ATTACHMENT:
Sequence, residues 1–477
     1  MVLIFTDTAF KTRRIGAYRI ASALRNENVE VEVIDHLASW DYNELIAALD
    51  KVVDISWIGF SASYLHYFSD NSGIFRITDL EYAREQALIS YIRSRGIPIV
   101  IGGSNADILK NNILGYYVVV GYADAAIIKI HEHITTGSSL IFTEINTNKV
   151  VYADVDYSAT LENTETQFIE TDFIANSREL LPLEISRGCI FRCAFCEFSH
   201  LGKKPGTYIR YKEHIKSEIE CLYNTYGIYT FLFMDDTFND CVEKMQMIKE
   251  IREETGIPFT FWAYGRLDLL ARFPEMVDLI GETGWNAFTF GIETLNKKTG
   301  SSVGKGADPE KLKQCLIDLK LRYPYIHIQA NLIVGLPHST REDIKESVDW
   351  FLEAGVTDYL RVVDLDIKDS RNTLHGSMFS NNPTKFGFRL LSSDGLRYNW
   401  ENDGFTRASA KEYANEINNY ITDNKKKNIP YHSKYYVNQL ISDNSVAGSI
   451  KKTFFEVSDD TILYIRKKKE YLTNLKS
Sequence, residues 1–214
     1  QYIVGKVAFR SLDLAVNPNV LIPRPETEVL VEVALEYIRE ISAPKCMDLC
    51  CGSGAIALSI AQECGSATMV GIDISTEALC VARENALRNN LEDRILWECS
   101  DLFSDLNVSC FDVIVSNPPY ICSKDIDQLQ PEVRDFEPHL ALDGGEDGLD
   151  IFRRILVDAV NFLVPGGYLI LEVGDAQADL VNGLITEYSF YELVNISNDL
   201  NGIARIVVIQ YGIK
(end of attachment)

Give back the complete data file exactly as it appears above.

Sequence, residues 1–477
     1  MVLIFTDTAF KTRRIGAYRI ASALRNENVE VEVIDHLASW DYNELIAALD
    51  KVVDISWIGF SASYLHYFSD NSGIFRITDL EYAREQALIS YIRSRGIPIV
   101  IGGSNADILK NNILGYYVVV GYADAAIIKI HEHITTGSSL IFTEINTNKV
   151  VYADVDYSAT LENTETQFIE TDFIANSREL LPLEISRGCI FRCAFCEFSH
   201  LGKKPGTYIR YKEHIKSEIE CLYNTYGIYT FLFMDDTFND CVEKMQMIKE
   251  IREETGIPFT FWAYGRLDLL ARFPEMVDLI GETGWNAFTF GIETLNKKTG
   301  SSVGKGADPE KLKQCLIDLK LRYPYIHIQA NLIVGLPHST REDIKESVDW
   351  FLEAGVTDYL RVVDLDIKDS RNTLHGSMFS NNPTKFGFRL LSSDGLRYNW
   401  ENDGFTRASA KEYANEINNY ITDNKKKNIP YHSKYYVNQL ISDNSVAGSI
   451  KKTFFEVSDD TILYIRKKKE YLTNLKS
Sequence, residues 1–214
     1  QYIVGKVAFR SLDLAVNPNV LIPRPETEVL VEVALEYIRE ISAPKCMDLC
    51  CGSGAIALSI AQECGSATMV GIDISTEALC VARENALRNN LEDRILWECS
   101  DLFSDLNVSC FDVIVSNPPY ICSKDIDQLQ PEVRDFEPHL ALDGGEDGLD
   151  IFRRILVDAV NFLVPGGYLI LEVGDAQADL VNGLITEYSF YELVNISNDL
   201  NGIARIVVIQ YGIK